Madison native Tom Lemm, of Airborne Systems, a parachute manufacturing company in southern California talks about how he ended up working on NASA’s Orion space program. Lemm is a test engineer with the team at Airborne Systems responsible for creating the parachute system for the Orion space capsule. The Orion project is similar to the Apollo program in that the astronauts return to Earth via their space capsule parachuting back and landing in the Pacific Ocean. <br /><br /><!-- 1upcrlf2 -->(Staff photo by Ken Ritchie)
Madison native Tom Lemm, of Airborne Systems, a parachute manufacturing company in southern California talks about how he ended up working on NASA’s Orion space program. Lemm is a test engineer with the team at Airborne Systems responsible for creating the parachute system for the Orion space capsule. The Orion project is similar to the Apollo program in that the astronauts return to Earth via their space capsule parachuting back and landing in the Pacific Ocean.

(Staff photo by Ken Ritchie)
Tom Lemm remembers sitting in his Jefferson County childhood home and watching the television as Neil Armstrong walked on the moon, but he never had childhood dreams of becoming an astronaut himself.

Yet some of his work will be aboard the NASA spacecraft when new manned space capsules launch into space in 2021. Lemm currently works with a team of engineers on the Capsule Parachute Assembly System (CPAS) that consists of eight parachutes to be used for the capsule's landing after a mission.

"It's so complex," he said of the NASA's Orion capsule project, which will replace the agency's retired space shuttles. "The parachute is one little part."

Still, the parachutes are a major component of the project. The eight parachutes that make up the assembly system have to withstand re-entry conditions to ensure a safe landing for the capsule.

"You'd hate to go all the way to Mars and not make it back because of (the parachutes)," he said.

Even though Lemm has spent most of his career as an engineer in the aerospace industry, this is the first time he's worked on a NASA project.

Lemm grew up in Madison and graduated from Shawe Memorial High School. His teachers at Shawe encouraged him to pursue a degree in mathematics. Lemm attended the University of Dayton, earning a degree in mechanical engineering.

Yet Lemm's journey to work with NASA wasn't a direct path - or even a goal.

"It didn't happen overnight, that's for sure," he said.

After college, Lemm decided to find a job in the "Sunbelt" and began looking for employment in California and southern states to get away from cold winters in Indiana, he said. His first job after graduation was with for McDonnell Douglas, an aerospace manufacturer and defense contractor, in California.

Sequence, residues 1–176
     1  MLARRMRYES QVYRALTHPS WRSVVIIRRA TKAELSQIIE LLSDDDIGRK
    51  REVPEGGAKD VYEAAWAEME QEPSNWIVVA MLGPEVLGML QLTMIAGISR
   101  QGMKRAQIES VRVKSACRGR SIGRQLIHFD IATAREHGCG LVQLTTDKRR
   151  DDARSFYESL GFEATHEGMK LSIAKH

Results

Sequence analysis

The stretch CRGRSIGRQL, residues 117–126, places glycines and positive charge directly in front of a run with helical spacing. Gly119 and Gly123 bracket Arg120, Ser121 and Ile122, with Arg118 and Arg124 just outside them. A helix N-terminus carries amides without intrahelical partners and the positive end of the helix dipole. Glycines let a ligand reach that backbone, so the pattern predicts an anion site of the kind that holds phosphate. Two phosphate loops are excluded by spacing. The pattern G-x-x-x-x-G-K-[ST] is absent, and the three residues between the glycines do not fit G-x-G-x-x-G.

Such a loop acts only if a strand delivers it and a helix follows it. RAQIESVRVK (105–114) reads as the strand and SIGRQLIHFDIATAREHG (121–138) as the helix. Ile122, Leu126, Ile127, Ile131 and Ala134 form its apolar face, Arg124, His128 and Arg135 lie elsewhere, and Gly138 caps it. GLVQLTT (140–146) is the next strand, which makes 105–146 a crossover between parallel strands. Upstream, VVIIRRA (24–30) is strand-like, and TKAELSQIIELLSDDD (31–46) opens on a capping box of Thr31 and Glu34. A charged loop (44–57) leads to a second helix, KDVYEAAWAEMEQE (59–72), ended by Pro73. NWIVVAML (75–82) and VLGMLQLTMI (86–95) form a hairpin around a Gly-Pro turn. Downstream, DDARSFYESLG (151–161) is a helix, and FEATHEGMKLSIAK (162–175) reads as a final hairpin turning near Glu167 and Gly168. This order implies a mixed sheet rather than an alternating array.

After working a few years with the company, Lemm took a voluntary layoff from the company and began a two-month cross-country vacation back to Indiana. Once back in Indiana, Lemm found that his mother had already helped with his job search - even though he had planned to return to California to look for a job after his trip.

"She had job interviews lined up for me when I got here," he said.

Lemm interviewed at Jefferson Proving Grounds, was offered a job and began testing operation of ammunition at JPG for about three years. He decided to go back to McDonnell Douglas once the business picked up again, working in flight testing as he had done before. Lemm continued to work with McDonnell Douglas for almost two decades before transferring to Seattle to work on test programs with Boeing airplanes after the airline company bought out McDonnell Douglas.

Yet being away from his home and family in California eventually led Lemm to another job search. On a visit home, Lemm's wife mentioned a local engineering job possibility with Airborne Systems.

"She had a little ad circled (in the local newspaper)," Lemm said.

Even though he called and interviewed for the job, the first contract for work was awarded to another company. Yet a second contract - the NASA parachutes - was awarded to the company. Lemm received one of eight engineering jobs for the project.

Lemm's current employer, Airborne Systems, normally provides parachutes used by the United States Army. The company received a sub-contract to design and create the parachutes for NASA's Orion space capsule recovery system.

Lemm and the team of engineers he works with have spent the past three years creating and designing the parachute system - which consists of two drough chutes, three pilot chutes, and three main chutes - that will allow the spacecraft to land in the Pacific Ocean after missions to space. The main parachutes are 116 feet in diameter and are made of nylon. The cords attached to the chutes are Kevlar, which is stronger than steel.

The team of engineers has spent the last three years testing and documenting how the parachutes perform with test vehicles similar to the Orion capsules.

"We put all the pieces together for a test, and there's a lot of pieces," Lemm said. "If there's one piece that doesn't work, we have a failure."

In the past two and a half years, no failures have occurred during tests at the U.S. Yuma Army Proving Ground in Arizona. An unmanned Orion test vehicle is expected to launch into space for a test run in 2014, with a manned launch expected in 2021.

While still part of aerospace engineering community, Lemm said his job working on the parachute project for NASA does have differences than the other jobs over the years.

Most of his career, Lemm often had daily analysis of testing, he said, but testing for these parachutes only take place a few times each year. This project requires many more hours spent on presentations and video conferencing about previous tests. The aerodynamics of the projects differ as well.

"Instead of speeding things up, I'm trying to slow them down," he said of the parachute project. "It's a totally different end of the spectrum."